To confirm expression of the Fur protein, bacterial lysates were prepared from the wild-type 7.13, DSM143, and DSM804 strains grown in liquid cultures as described above. Protein concentrations were determined using the bicinchoninic acid (BCA) protein assay (Thermo Scientific), and equal concentrations of the samples were separated by sodium dodecyl sulfate-polyacrylamide gel electrophoresis (SDS-PAGE) using an 18% separating gel. The separated proteins were transferred to nitrocellulose membranes using a semidry transfer apparatus (Owl; Thermo Scientific) and then probed with a 1:200 dilution of rabbit polyclonal anti-H. pylori Fur antibody, which was prepared using the rabbit Quick Draw protocol and was produced by Pocono Rabbit Farm and Laboratory (B. Carpenter, H. Gancz, S. Benoit, S. Evans, P. S. J. Michel, R. Maier, and D. S. Merrell, submitted for publication). This was followed by addition of a 1:20,000 dilution of horseradish peroxidase (HRP)-conjugated bovine anti-rabbit IgG secondary antibody (Santa Cruz Biotechnology). Proteins were detected using a SuperSignal West Pico chemiluminescent substrate kit (Thermo Scientific/Pierce) and a LAS-3000 intelligent dark box with LAS-3000 Lite.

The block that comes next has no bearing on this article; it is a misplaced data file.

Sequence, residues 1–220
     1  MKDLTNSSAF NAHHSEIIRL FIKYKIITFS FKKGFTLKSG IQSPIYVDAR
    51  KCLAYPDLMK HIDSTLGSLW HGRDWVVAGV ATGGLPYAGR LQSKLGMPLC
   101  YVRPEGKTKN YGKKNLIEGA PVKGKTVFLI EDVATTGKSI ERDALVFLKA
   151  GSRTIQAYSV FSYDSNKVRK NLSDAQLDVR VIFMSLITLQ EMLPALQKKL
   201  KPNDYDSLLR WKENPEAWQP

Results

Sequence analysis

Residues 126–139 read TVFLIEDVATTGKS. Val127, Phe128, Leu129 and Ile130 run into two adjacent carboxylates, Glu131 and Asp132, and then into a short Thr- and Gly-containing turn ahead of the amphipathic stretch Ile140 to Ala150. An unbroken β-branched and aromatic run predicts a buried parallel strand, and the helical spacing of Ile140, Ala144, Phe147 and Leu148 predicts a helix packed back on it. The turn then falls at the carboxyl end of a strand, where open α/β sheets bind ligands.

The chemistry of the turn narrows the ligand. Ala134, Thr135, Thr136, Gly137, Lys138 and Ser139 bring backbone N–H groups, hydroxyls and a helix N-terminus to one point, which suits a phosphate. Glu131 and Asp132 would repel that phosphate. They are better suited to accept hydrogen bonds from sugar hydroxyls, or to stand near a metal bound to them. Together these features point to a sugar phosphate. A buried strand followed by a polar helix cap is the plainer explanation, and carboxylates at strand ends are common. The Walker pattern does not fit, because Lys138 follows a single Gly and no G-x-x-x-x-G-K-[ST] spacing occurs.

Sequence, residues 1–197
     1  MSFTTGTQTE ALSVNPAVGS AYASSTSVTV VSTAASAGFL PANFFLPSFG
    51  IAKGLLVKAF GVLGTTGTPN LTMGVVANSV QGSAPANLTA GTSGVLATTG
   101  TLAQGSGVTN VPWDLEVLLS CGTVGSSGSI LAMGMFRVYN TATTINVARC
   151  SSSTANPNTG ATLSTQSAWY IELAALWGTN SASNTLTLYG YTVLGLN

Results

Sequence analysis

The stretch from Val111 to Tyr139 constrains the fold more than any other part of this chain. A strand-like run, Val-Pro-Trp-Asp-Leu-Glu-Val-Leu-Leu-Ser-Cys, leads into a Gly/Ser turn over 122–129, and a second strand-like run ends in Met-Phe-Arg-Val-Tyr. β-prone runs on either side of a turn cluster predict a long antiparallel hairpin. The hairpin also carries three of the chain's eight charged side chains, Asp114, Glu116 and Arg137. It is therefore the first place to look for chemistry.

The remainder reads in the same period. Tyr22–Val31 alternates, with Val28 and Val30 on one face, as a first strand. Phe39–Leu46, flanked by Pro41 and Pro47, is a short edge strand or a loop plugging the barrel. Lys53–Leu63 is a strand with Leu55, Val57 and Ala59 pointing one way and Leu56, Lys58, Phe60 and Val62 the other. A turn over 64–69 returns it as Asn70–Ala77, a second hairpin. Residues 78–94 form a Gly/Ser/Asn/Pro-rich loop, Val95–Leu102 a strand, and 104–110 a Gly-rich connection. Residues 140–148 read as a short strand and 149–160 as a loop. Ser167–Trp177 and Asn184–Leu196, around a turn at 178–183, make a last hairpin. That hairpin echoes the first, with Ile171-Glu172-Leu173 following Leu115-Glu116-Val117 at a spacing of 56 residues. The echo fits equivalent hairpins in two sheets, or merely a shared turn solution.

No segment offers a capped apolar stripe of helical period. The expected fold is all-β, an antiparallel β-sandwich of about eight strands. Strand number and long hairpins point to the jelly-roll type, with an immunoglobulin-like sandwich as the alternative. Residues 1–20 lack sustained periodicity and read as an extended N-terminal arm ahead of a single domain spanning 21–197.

Six- to 12-week-old male Mongolian gerbils (Charles River Laboratories International, Inc., Wilmington MA) were fasted for 12 h prior to infection. Animals were then orogastrically infected with approximately 109 H. pylori cells. Two independent biological repeats of each infection experiment were performed as follows. For single-strain infections, gerbils were infected with either the wild-type or Δfur strain and then sacrificed at 1, 3, 5, 8, 14, or 30 days postinfection (9 or 10 animals for each group at each time point) or at 2, 4, 8, or 16 weeks postinfection (12 to 14 animals per group at each time point). As a control for the 2-, 4-, 8-, and 16-week single-infection time course, we also included a mock-infected group (8 or 9 animals per time point). At each time point, the glandular portion of the stomach of each animal was bisected. One half of the tissue was weighed and homogenized in brucella broth with a mechanical homogenizer (Tissue Tearer; Biospec Products Inc.), and the number of viable CFU was determined by plating portions on HBA plates. The remaining half of the stomach was embedded in paraffin, sectioned, and stained with hematoxylin and eosin. Sections were then scored blindly by a pathologist for acute and chronic inflammation using a scale from 0 to 3 corresponding to normal, mild, moderate, and marked inflammation according to the updated Sydney system (20). Since the acute and chronic inflammation scores were similar, they were averaged to produce a single combined score, which is described below. The sections were also scored blindly for the development of dysplasia and invasive adenocarcinoma by two pathologists. Dysplasia and invasive adenocarcinoma were diagnosed using guidelines described previously (12). Dysplastic mucosa consisted of elongated or branched, irregular glands with enlarged, crowded cell nuclei that appeared to be stratified. Invasive adenocarcinoma was defined as tubular or irregular structures composed of dysplastic epithelium that penetrated through the muscularis mucosa, infiltrating the submucosa.